Phosphatidylserine is a greasy substance known as a phospholipid.
Every single cell in your body produces phosphatidylserine. The phospholipid helps protect and cover cells from attackers. Your blood cells use it to clot properly if you’re injured, and your brain uses it to make it easier to send messages between neurons.
You can find phosphatidylserine in some foods — such as soybeans, egg yolks, and liver. It’s also available as a supplement in powder and capsule forms. Eating phosphatidylserine may offer health benefits, particularly for your brain.
The vitamins, minerals, and micronutrients in phosphatidylserine provide some important health benefits. Phosphatidylserine is known to act as an antioxidant, helping reduce the effects of dangerous free radicals on your body. This can help reduce your risk of developing conditions like diabetes and cancer.
Consuming phosphatidylserine can lead to several health benefits:
Large amounts of phosphatidylserine — up to 800 milligrams daily — may be linked to better recovery after heavy exercise.
Studies suggest that supplementing your diet with large amounts of phosphatidylserine can help decrease muscle soreness and reduce the amount of stress hormones your body releases during and after physical activity. This can result in a more pleasant exercise experience.
Phosphatidylserine may help reduce inflammation symptoms of several chronic conditions. Chronic inflammation is linked to many potential health problems — such as heart disease, diabetes, and arthritis.
Studies suggest that getting enough phosphatidylserine to your diet can help reduce markers of chronic inflammation, lowering your risk of negative health effects. However, the topic would benefit from further research that includes human subjects.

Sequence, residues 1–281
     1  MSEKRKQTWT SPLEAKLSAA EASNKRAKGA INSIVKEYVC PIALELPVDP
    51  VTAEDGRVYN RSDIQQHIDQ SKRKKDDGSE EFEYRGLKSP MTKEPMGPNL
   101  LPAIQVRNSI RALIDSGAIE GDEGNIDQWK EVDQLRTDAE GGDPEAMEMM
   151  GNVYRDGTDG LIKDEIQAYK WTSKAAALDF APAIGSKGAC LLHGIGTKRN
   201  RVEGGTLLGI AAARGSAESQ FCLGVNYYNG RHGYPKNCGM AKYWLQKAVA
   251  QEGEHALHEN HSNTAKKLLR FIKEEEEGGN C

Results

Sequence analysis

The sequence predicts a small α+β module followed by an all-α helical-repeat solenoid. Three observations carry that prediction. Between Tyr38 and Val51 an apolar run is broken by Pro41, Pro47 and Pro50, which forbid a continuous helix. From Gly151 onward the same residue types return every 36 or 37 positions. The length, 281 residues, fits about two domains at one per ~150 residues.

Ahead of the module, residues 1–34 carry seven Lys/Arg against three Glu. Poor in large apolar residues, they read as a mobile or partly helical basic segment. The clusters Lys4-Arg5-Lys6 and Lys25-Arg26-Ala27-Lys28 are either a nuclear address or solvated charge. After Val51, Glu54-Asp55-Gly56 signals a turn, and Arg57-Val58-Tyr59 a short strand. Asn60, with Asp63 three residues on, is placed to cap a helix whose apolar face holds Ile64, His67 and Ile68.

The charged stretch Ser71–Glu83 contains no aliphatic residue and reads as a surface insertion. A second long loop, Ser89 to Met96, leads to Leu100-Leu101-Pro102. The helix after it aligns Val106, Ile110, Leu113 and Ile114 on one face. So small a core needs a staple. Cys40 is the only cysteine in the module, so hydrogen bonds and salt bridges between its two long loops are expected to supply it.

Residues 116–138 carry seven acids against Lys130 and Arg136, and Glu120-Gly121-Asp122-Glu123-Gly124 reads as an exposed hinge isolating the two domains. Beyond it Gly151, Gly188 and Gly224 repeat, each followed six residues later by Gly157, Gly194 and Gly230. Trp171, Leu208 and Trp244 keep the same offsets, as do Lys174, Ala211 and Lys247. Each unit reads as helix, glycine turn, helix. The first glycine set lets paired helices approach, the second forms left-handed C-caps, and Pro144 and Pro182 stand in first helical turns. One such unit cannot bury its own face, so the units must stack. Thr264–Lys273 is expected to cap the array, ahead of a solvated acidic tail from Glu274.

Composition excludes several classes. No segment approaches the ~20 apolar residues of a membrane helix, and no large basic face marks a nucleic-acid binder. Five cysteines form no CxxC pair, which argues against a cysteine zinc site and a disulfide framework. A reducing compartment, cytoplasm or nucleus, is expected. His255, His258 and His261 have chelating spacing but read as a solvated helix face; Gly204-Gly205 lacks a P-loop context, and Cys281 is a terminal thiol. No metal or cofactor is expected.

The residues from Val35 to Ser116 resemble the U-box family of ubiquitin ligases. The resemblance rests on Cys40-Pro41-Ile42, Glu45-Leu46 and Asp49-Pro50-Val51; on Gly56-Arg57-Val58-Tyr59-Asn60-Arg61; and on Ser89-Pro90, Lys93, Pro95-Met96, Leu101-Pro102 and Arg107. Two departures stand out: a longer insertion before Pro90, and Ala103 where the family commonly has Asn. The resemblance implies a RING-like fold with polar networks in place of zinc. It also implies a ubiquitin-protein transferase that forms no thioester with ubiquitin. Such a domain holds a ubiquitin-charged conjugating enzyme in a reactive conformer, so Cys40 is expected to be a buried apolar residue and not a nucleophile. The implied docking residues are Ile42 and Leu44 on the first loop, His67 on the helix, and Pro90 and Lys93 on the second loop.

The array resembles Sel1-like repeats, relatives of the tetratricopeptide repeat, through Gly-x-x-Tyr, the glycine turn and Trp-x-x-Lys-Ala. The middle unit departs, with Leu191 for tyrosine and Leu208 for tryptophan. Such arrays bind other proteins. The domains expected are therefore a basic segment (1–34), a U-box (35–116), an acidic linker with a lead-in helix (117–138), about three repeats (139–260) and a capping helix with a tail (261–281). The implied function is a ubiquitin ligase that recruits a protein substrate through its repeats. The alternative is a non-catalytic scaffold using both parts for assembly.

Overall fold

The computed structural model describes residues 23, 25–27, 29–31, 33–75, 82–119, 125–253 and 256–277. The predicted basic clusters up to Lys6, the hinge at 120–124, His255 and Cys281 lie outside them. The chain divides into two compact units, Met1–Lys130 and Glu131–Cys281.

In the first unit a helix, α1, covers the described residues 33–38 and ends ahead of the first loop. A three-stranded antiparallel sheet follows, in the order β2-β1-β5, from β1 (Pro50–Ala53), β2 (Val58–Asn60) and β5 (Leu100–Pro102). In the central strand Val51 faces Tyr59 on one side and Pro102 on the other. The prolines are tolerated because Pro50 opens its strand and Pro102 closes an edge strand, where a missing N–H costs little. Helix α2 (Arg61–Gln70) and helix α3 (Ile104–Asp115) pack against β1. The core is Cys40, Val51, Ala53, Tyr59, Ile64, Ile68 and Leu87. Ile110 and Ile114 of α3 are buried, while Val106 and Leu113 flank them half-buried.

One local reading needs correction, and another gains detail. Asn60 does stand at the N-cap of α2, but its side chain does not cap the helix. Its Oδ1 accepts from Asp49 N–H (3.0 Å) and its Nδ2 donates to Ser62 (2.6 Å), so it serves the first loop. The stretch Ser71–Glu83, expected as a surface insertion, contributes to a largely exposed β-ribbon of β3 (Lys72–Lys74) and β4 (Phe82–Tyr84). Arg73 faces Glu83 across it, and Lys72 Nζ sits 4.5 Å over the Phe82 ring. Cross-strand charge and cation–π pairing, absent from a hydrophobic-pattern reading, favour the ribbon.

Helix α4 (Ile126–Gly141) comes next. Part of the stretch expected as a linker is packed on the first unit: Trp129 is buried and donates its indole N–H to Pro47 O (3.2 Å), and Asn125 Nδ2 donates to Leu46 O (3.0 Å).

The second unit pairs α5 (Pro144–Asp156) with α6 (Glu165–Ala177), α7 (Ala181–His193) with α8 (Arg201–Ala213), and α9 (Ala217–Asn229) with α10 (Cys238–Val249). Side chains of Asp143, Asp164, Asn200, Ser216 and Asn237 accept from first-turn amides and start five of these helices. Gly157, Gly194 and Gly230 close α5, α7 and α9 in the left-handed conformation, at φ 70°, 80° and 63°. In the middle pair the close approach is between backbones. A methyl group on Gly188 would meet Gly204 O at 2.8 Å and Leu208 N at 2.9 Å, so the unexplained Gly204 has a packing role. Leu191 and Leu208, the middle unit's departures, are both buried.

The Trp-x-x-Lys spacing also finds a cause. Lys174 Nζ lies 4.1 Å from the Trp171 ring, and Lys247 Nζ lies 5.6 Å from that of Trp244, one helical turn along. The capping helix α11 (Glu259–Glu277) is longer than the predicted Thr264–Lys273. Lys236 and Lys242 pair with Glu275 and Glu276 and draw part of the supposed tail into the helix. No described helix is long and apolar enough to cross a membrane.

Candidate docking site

Because of phosphatidylserine’s important role in brain signaling, it isn’t surprising that some studies show the nutrient improving memory.
In people with mild symptoms of Alzheimer’s disease, diet supplementation with phosphatidylserine improved memory and cognitive abilities. However, it does appear that these effects wear off after supplementation stops. It may be important to continue taking phosphatidylserine to reduce symptoms of Alzheimer’s.
Early studies suggest that phosphatidylserine may help reduce depression, especially in people over the age of 65. This phospholipid is theorized to help the brain regulate mood, and it’s known that phosphatidylserine levels tend to drop as people get older.
One study found that regular supplementation of phosphatidylserine helps reduce symptoms of depression in nearly half of all subjects.
It appears that this phospholipid helps reduce impulsive and hyperactive behavior in children with ADHD. Phosphatidylserine supplements may also improve mood. While more studies need to be done on the subject, early trials are promising.
Although phosphatidylserine offers many health benefits and supplements your body’s overall function, consuming phosphatidylserine does carry some risk.
Mild Side Effects
Some people experience an upset stomach, bloating, or insomnia. However, these symptoms are mild and generally go away after supplementing your diet with phosphatidylserine for a few weeks.
Because of the role phosphatidylserine plays in blood-clotting, consuming more of it may thin your blood. People taking warfarin or any anti-inflammatory medication should consult their doctor before adding phosphatidylserine supplements to their diet.
Amounts and Dosage
According to one study, the human body can absorb between 300 and 800 milligrams of phosphatidylserine per day. Taking more than that will not lead to further absorption into the body — the excess will be processed and flushed out.
The average American diet involves about 130 milligrams of phosphatidylserine per day, so supplementing your diet with an additional 200 milligrams should bring you up to the absorption threshold. Dosages of up to 200 milligrams three times daily are generally safe.